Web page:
(Wall Street Journal)
- Syrian Regime "Importing Snipers" for Protests - Nate Wright and James Hider
Syria is deploying large numbers of Hizbullah and Iranian snipers as "military consultants" to murder anti-regime protesters, a senior government defector has told The Times.
The salaries of the marksmen are paid through a slush fund replenished with U.S. dollars flown in from Iran, according to Mahmoud Haj Hamad, who was the treasury's top auditor at the Defense Ministry until he fled Syria last month.
Hamad said: "At the beginning there were hundreds, then when things started to get worse they started to bring in more outsiders. The numbers were huge - in the thousands."
The foreign reinforcements are prized by the regime for their street-fighting abilities, having crushed dissent in Iran and Lebanon.
Ministry colleagues told him that two Iranian warships that passed through the Suez Canal during the Egyptian uprising were loaded with weapons for use against dissidents, and offloaded at the seaport of Latakia. (Times-UK)
See also Free Syrian Army Captures Iranian Revolutionary Guards in Homs - Caroline Akoum
Free Syrian Army (FSA) Deputy Commander Col. Malik al-Kurdi informed Asharq Al-Awsat that the al-Farouq Brigade of the FSA captured 7 Iranians involved in the suppression of Syrian citizens in the city of Homs last week. He revealed that five of the Iranians are "military specialists belonging to the Iranian Republic Guard," while the other two are civilians.
In the short video, one of the captives, speaking Farsi, reportedly confesses: "I am Sajjad Amirian, a member of the Revolutionary Guards of the Iranian armed forces. I am a member of the team in charge of cracking down on protesters in Syria, and we received our orders directly from the security division of the Syrian Air Force in Homs." (Asharq Al-Awsat-UK)
Global Commentary and Think-Tank Analysis (Best of U.S., UK, and Israel):
- Netanyahu: Palestinians Unwilling to Discuss Israel's Security - Barak Ravid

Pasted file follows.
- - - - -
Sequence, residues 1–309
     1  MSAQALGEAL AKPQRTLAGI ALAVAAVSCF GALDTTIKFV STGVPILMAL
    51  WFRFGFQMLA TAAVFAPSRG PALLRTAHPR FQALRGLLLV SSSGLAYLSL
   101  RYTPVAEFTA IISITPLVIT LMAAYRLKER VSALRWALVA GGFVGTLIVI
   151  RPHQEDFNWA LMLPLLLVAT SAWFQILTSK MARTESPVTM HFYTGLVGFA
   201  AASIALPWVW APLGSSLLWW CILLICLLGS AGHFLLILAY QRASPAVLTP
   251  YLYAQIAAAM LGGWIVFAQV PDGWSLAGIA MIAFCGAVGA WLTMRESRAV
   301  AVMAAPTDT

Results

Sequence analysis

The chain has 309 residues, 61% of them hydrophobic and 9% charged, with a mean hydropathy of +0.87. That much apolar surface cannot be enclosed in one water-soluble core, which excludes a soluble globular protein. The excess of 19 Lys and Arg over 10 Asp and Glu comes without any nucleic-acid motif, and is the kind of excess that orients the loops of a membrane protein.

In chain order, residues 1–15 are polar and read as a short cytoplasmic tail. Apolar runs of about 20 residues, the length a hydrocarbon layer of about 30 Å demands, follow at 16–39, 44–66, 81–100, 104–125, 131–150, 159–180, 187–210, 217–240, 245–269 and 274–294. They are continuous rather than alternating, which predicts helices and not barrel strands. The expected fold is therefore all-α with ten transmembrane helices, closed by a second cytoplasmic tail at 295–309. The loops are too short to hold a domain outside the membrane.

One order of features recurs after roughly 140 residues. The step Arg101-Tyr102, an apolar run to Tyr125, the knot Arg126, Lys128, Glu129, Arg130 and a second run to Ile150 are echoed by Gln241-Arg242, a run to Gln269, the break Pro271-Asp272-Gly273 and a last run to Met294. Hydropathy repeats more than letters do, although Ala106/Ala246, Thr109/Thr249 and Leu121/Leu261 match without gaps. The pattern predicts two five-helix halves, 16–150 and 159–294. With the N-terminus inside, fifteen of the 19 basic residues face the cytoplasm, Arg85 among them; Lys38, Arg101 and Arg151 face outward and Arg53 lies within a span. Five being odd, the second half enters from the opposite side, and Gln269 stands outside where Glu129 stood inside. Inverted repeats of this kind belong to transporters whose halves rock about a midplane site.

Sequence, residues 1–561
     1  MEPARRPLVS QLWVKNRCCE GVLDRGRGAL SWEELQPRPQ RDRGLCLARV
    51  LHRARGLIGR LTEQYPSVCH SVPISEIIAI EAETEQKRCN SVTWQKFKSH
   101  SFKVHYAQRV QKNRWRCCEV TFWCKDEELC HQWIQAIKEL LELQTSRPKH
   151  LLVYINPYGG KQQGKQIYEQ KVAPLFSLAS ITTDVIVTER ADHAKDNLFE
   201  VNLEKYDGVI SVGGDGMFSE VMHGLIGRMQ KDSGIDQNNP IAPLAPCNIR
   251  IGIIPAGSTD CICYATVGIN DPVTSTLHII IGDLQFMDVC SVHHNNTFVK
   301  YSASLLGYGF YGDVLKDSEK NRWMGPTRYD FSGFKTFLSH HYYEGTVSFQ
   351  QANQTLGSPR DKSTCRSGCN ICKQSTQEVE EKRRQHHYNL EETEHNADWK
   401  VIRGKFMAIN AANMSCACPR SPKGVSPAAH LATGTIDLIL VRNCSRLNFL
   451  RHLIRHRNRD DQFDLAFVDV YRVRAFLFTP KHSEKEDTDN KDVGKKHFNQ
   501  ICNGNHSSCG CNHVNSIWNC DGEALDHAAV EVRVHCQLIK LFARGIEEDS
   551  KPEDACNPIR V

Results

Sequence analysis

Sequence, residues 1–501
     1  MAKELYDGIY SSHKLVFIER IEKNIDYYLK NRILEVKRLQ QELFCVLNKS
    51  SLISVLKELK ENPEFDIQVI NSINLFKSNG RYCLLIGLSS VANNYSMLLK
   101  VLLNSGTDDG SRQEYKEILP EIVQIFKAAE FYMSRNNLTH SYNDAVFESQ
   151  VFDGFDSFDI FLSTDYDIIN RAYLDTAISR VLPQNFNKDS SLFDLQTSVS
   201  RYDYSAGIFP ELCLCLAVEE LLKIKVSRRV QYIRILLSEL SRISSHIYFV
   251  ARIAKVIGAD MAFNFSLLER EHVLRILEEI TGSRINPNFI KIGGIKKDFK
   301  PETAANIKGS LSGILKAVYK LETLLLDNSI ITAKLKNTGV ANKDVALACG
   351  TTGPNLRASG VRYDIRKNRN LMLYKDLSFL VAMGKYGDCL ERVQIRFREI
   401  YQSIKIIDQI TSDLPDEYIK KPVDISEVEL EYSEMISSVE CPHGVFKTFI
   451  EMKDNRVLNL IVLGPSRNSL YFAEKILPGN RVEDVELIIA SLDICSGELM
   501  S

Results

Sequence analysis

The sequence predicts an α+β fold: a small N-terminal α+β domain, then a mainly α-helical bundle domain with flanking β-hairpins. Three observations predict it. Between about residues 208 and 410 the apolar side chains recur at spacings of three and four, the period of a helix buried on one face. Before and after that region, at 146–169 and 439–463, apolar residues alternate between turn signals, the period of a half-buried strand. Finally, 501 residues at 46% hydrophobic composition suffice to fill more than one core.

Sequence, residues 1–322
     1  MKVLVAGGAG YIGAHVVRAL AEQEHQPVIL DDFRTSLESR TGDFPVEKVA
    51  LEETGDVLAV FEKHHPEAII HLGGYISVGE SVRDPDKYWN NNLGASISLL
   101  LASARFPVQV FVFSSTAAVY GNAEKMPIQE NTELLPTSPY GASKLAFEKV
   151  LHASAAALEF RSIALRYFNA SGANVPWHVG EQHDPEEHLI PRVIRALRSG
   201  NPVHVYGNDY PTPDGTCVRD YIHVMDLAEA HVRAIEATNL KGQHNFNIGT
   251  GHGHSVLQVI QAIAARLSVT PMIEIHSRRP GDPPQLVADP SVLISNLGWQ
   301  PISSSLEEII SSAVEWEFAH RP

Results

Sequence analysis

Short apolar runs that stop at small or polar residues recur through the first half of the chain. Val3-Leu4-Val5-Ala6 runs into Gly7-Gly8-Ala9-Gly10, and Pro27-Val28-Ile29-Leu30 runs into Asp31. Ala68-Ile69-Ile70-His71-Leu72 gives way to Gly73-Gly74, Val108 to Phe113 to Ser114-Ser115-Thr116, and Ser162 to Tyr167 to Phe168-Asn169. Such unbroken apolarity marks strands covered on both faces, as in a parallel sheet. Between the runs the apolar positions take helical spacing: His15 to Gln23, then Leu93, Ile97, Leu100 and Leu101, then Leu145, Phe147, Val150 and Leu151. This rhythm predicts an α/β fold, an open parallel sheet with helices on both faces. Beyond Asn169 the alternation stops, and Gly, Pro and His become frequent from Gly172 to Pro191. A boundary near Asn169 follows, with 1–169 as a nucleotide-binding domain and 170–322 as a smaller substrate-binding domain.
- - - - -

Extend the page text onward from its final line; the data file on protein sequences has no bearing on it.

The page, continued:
After exploratory Israeli-Palestinian talks in Amman aimed at relaunching negotiations ended in deadlock, Israeli Prime Minister Benjamin Netanyahu told the cabinet Sunday:
"As things stand now, according to what happened over the past few days - when the Palestinians refused even to discuss Israel's security needs with us - the signs are not particularly good." (Ha'aretz)
- Palestinian TV Airs Show Praising Fogel Family Murderer - Avi Issacharoff
Palestinian television aired an interview with the relatives of the Fogel family murderers earlier this month, praising the two cousins convicted of the brutal attack as "heroes." The show featured the aunt and mother of Hakim Awad, who along with his cousin Amjad was convicted of brutally stabbing to death Ehud and Ruth Fogel, along with three of their young children, Yoav, 11, Elad, 4, and Hadas, 3 months old. (Ha'aretz)
See also Video and Transcript - On PA TV: Glorification of Fogel Family Murderers (Palestinian Media Watch)
See also Netanyahu: "PA Incitement Is Confidence-Destroying Measure" - Herb Keinon
During a meeting with visiting Irish Foreign Minister Eamon Gilmore on Sunday, Prime Minister Netanyahu said that while many ask Israel to take confidence-building measures toward the Palestinians, the type of incitement being aired in the PA was destroying Israel's confidence. (Jerusalem Post)
- Peres Blasts Turkey for Funding Terrorist Hamas - Yori Yalon, Shlomo Cesana and Daniel Siryoti
At the 2009 World Economic Forum in Davos, Switzerland, Turkish Prime Minister Erdogan verbally assaulted Israeli
President Shimon Peres, calling him hard of hearing and accusing him of killing Palestinians before storming off the stage. This year, however, President Peres was on the offensive against Turkey, accusing Ankara of funding terrorist activity in Gaza.
"Turkey has transferred resources to fund the infrastructure of Hamas, an organization controlled by Iran that has won astronomical donations - nearly $900 million a year. $300 million comes from Iran, $200 million from Qatar and hundreds of millions from Turkey. The Turkish support has strengthened terrorist networks in the region," Peres said.
Asked about Iran, Peres said: "Iran today is the most corrupt country on Earth, they hang people without trial, they send out arms and money to terrorist organizations. I would tell the Iranian people, save your own country, it is in your hands." (Israel Hayom)